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  • HK International Stationery Show 2018 started today and got wonderful response from first hour itself.

    The grouping of four concurrent premium shows at the Hong Kong Convention and Exhibition Centre, namely – HKTDC Hong Kong Toys & Games Fair, the HKTDC Hong Kong Baby Products Fair, HKTDC Hong Kong International Licensing Show and Hong Kong International Stationery Fair generates wonderful results for both exhibitors and buyers. As is evident all these industries are complementary to each other and cater to many common companies in manufacturing or sourcing of related products.

    No wonder that with 3300 exhibitors, these shows are a huge draw for buyers from across the world. Over 20,000 trade visitors are expected to visit the Convention and Exhibition Centre over the next four days. This year also, many companies have come up with top-quality and innovative products.

    A theme display “All for Arts” has been set up the entrance of the Hall 5B of HKSIF 2018 to showcase a wide collection of artistically designed stationery and art supplies. To make it easier for the visitors the organizers have highlighted the category of the exhibitors by grouping them five colour zones – DIY Supplies (blue); Gift Stationery (purple), Kids & School (yellow); Pen & Paper (red) and finally Smart Office (Green)

  • MAY-2012 – Stationery Show in London on 24-25th April 2012 was voted “best yet” by visitors and exhibitors and attracted many of the UK’s top independent and multiple retailers of stationery, says organiser First Events. “It’s great that there is a dedicated, aspirational yet functional stationery exhibition in the UK – I enjoyed the show and found several new suppliers. I hope more suppliers will embrace it next year” said Sonia Reddi, buyer for Waterstones. “As a first time visitor, I thought the show was excellent with lots of interesting exhibitors” said Jo Irons, buyer for online retailer Bureau Direct. “It’s fantastic to have a show dedicated to stationery at last – it will be on our regular trade show itinerary from now on.” Visitor numbers were up on the previous year and included Selfridges, The Pen Shop, WHSmith, Tesco, Card Factory, Ryman, John Lewis, Colemans, Wilkinson, Scribbler, Fenwick, Harrods, Bentalls, Websters Pen Shops, Staples, The Range and Osbornes Stationers. This year’s exhibition had the products of more than 150 different suppliers on 82 stands almost all of whom were showing new products. The 2013 exhibition will take place at the Business Design Centre in London on Tuesday 23 – Wednesday 24 April.

Special Feature

  • Online is an important channel for us to reach out to the customers beyond III and IV cities - Nikhil Ranjan, Founder & MD, William Penn

    In the spree of riding high on retail expansion with associating with global and Indian brands, Banglore based William Penn, multi brand retailer offering writing instruments, premium stationary and accessories, is planning to launch three more stores this year to take the tally of stores to 34.

    The company is largely focusing on major metros along with eyeing to tap the potential of tier I and II markets. Furthermore it is planning to strengthen its online footprints to reach out to the consumers residing beyond tier III and IV towns.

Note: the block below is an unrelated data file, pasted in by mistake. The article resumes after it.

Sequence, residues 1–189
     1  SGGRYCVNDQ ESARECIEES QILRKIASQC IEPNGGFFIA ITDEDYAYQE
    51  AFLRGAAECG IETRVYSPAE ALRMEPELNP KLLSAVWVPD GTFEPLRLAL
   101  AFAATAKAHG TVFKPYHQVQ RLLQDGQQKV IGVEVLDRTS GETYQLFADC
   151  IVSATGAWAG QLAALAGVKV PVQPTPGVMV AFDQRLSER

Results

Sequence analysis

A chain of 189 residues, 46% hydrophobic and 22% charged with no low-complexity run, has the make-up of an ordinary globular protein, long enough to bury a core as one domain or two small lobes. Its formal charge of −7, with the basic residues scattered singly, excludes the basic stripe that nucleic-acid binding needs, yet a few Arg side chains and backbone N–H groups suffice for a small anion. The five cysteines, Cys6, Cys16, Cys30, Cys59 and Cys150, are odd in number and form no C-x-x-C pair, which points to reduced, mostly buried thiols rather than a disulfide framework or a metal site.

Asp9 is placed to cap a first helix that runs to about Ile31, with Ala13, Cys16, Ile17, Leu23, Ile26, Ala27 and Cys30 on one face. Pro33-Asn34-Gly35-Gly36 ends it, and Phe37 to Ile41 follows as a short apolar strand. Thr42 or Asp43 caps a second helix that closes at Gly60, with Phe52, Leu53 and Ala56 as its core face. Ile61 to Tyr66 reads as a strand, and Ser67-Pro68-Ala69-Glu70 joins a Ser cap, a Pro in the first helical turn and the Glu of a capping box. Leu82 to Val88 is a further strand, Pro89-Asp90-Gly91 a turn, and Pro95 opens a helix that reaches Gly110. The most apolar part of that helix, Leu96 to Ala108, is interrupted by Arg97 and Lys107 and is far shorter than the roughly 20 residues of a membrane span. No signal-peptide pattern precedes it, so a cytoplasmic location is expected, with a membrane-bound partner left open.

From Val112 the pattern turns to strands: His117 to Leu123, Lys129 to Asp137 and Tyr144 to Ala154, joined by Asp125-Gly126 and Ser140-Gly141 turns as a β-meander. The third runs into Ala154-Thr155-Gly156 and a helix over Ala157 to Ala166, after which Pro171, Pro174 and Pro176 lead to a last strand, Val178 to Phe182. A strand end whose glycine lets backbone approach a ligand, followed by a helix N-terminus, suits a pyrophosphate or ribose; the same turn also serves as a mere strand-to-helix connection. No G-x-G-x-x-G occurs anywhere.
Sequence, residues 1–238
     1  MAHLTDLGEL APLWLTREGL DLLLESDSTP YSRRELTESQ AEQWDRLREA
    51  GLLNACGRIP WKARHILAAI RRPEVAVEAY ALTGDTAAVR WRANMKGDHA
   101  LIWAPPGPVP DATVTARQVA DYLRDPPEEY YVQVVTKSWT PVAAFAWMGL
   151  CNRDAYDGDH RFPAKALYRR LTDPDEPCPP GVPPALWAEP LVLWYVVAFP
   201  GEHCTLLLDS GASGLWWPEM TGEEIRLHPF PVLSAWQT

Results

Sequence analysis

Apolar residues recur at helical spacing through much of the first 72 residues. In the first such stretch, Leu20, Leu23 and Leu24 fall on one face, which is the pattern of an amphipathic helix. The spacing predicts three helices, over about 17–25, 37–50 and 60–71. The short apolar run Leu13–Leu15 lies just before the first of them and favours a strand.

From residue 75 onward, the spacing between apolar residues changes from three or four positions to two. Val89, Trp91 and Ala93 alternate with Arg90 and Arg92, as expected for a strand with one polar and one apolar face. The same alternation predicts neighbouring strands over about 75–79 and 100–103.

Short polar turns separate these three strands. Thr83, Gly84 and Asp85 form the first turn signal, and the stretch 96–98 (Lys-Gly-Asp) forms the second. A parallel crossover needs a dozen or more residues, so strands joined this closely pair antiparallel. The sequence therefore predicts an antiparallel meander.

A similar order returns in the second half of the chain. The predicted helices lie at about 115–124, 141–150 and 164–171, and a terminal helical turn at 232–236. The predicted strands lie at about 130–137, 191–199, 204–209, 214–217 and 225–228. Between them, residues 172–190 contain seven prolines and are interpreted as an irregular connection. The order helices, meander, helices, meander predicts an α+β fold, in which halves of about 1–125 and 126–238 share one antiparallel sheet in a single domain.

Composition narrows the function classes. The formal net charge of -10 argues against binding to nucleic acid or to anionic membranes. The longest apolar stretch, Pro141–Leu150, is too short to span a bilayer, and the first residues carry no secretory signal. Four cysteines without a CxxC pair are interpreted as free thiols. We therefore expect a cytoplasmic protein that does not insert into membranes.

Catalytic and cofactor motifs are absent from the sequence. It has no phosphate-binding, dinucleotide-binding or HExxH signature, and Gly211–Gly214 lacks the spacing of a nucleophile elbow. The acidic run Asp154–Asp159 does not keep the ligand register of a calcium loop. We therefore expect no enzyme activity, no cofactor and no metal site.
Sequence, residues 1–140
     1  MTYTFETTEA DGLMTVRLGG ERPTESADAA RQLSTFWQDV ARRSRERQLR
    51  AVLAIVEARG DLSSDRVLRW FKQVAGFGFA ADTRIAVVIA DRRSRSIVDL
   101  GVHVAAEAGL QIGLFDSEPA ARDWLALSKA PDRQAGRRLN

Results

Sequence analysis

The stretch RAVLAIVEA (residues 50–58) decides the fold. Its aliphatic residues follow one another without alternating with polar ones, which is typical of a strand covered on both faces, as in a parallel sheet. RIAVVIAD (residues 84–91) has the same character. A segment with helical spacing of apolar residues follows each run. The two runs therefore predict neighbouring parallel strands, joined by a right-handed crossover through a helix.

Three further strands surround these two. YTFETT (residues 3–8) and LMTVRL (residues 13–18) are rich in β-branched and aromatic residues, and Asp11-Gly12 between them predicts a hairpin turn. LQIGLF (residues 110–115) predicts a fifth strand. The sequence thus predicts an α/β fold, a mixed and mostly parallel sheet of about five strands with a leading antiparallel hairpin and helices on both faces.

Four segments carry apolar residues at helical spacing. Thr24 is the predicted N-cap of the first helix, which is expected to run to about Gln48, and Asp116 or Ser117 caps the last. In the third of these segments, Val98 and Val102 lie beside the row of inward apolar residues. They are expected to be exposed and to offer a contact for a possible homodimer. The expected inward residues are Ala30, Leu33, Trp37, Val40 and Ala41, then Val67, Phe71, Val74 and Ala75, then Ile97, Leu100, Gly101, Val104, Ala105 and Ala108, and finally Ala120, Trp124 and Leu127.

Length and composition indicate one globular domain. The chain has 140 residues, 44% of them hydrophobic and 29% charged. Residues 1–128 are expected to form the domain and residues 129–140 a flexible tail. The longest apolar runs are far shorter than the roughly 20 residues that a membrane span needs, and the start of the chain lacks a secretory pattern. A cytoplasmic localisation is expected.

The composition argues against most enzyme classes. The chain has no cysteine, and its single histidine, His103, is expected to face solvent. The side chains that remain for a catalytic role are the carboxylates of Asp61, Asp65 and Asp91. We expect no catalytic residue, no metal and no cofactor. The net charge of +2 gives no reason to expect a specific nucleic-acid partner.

Thus, talking about the brands exclusive association with German fine writing instrument maker Faber- Castell, future retail plan, investment,  evolving consumer behavior and growing trend of using pen and paper Nikhil Ranjan, Founder & MD, William Penn spoke to Indianretailer. com on the sideline of announcing its association with Faber-Castell in Mumbai.


    William Penn has the tradition of bringing best of the brands from across the world to India and Faber Castell is operating since 260 years.  Based in Germany Faber-Castell has a rich history and legacy.  It has been producing fine writing instruments since many years now. It’s a German engineering with Bow House design and not very ornate with unnecessary embellishments. We are the exclusive partner of Faber-Castell.


    We offer writing instruments, premium stationary and accessories.  We are a destination store for all the brands. Overall we have 20 brands of writing instruments and accessories. It includes German, Swiss, Indian and our own in-house brand called Pennline. These are luxury to massbrands but finally this is the customer who decides what he wants.


    07/23/2018 - 13:00
  • Allied Instruments Private Limited was established in 1964 at Mumbai. They are among the leading manufacturers & exporters of Office, School & Engineering Student Stationery from India. The company owes its leading position at home and worldwide to its constant conviction in achieving excellence through innovate designs and technology, its extensive product range for many diverse target groups and its well-known brand name OMEGA. The company firmly blends its core values of customer delight, commitment, innovation, teamwork and responsibility in all its functions and services.

    We at PAPER AND STATIONERY SAMACHAR recently had an opportunity of one on one chat with the dynamic Managing Director of the company- Mr. Pradeep Singh Marwaha.

    PSS: Could you please elaborate on the various businesses that the company is involved in?

    Pradeep ji: The company is mainly involved in 5 vertical businesses-

    • School and office stationery

    • Educational toys catering to global market.

    • Parts of home appliances for industries like Kenstar, Maharaja, Bajaj, Crompton Greaves etc. AND

    • Pens, which we have recently launched Our core business is to design and manufacture Moulds. Both for pan India market and for exporting to countries like Taiwan, Germany andthe US. This is a separate profit making enterprise.